Manufacturers share their insights and best suggestions for how distributors can work with them to cultivate data that is timely, accurate and reliable.
According to 2011-2013 surveys released by The National Association of Electrical Distributors (NAED) and Electro-Federation Canada (EFC) members, distributors consistently identify the receipt of reliable, timely and accurate product and pricing data as their most critical priority. The April 2014 issue of IMARK Now responded to these results with a feature on NAED’s DataFirst Program, a data quality score-carding effort designed to enable distributors to clearly communicate their specific data requirements and establish a reporting process which evaluates a manufacturer’s ability to fulfill them. Based on the findings of these reports and the launch of the NAED DataFirst Program, there’s no doubt that the drive for better data remains one of the most pressing issues that the industry as a whole has to contend with. But logistically, there are still miles to go before uniform, data-collection processes are in place. In the following article, IMARK NOW delves deeper into the crux of this issue, seeking out insights from the perspective of those on the front lines of data collation and collection—the manufacturers.
The Need for High Quality Data
With Web-based sales environments growing in popularity and accounting for an increasingly larger portion of an electrical distributor’s business each year, the demand for high-quality data from vendor partners
is continually on the rise.
“There’s been a steady demand for Leviton product data from distributors as there continues to be a big push towards the creation of online e-stores,” confirms Mark Richards, director of e-commerce for the Melville, New York-based manufacturer, Leviton.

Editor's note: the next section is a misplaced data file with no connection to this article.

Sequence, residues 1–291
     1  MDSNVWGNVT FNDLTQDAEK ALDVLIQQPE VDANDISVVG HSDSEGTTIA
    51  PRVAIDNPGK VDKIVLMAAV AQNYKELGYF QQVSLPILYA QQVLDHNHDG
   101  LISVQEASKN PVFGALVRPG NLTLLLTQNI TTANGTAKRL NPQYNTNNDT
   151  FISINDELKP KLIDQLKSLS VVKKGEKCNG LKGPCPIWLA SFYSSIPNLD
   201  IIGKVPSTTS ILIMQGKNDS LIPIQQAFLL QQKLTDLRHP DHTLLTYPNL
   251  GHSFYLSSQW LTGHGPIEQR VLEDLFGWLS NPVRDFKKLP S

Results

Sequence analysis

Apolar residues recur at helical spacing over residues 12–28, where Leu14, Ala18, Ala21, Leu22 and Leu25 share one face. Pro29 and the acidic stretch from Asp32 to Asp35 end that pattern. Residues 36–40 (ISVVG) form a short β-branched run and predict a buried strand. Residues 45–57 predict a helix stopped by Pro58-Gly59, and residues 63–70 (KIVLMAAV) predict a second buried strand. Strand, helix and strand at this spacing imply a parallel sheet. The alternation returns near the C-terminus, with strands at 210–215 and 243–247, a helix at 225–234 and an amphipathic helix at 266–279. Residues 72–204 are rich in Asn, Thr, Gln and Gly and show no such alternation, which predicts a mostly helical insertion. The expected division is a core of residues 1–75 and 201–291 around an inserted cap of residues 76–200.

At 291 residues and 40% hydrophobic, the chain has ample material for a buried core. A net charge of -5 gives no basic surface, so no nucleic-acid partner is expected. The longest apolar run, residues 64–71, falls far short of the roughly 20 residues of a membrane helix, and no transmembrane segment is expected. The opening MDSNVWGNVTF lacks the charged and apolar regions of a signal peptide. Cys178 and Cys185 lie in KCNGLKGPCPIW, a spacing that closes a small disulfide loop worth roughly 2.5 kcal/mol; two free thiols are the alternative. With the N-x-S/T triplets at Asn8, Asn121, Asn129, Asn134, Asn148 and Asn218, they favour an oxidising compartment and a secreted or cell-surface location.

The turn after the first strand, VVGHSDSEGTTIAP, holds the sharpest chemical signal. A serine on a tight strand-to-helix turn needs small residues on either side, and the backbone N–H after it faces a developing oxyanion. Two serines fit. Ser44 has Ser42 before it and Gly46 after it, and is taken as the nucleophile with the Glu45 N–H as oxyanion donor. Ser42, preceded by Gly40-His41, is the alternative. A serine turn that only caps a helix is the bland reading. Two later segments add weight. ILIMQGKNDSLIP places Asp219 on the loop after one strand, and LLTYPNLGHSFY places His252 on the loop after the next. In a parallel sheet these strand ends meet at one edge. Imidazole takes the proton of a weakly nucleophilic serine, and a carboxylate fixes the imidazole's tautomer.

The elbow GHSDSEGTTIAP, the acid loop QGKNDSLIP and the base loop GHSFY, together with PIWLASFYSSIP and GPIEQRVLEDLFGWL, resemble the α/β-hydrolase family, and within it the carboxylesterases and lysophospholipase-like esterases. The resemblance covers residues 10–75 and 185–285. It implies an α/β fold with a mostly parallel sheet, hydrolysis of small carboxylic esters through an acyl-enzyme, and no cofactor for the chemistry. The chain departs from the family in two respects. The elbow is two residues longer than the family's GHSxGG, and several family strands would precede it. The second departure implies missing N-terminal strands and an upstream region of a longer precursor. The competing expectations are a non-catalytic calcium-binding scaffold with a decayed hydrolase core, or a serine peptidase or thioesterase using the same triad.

Kathy Wendorf, senior marketing project manager for Juno Lighting Group by Schneider Electric in Des Plaines, Illinois, concurs. “Demand and expectations continue to increase. Having directional and decision-making data and tracking information available all the time is becoming the norm these days,” she says.
The same holds true for Pat Quinn, chief information officer at the Conyers, Georgia-based Acuity Brands. “Demand is growing, especially in terms of the number of data elements per product, as more distributors enhance their digital marketplaces.”
The Difficulties of Attributed Data
At the same time, however, the difficulties of providing reliable and high quality data to distributors in specially-designated formats are well known to manufacturers.
While a large part of the data requested through IDW satisfies the requests, Richards says a formatting “disconnect” between the way data is required and how it’s ultimately presented remains a great challenge.
“Understandably, distributors want the manufacturer to customize data to fit whatever format is required for their business system, but this customization process can be time and labor intensive on our side,” he says.
This is a “pain point” that Scott Bausch, the east regional vice president of sales for Legrand North America’s Electrical Wiring Systems division in Syracuse, New York knows all too well. “Because the distribution channel has broad attributes and SKU requirements, the amount of resources for a manufacturer can be significant. There’s a sense on the part of manufacturers that the data being requested isn’t relevant to certain product sets, or that SKUs are being requested which no longer exist,” Bausch says.
“We have a full-time team dedicated to developing and implementing tools and processes for entering and maintaining the product information necessary to market and sell our products,” says Quinn. “We have another team focused on delivering that information to our partners.” Quinn notes that at any given time his company has 10-12 associates engaged in these activities. “The biggest challenge is getting our engineering and technical resources to enter and maintain all of the necessary information in our database, as this can be tedious and time consuming, plus it must be kept current,” he says.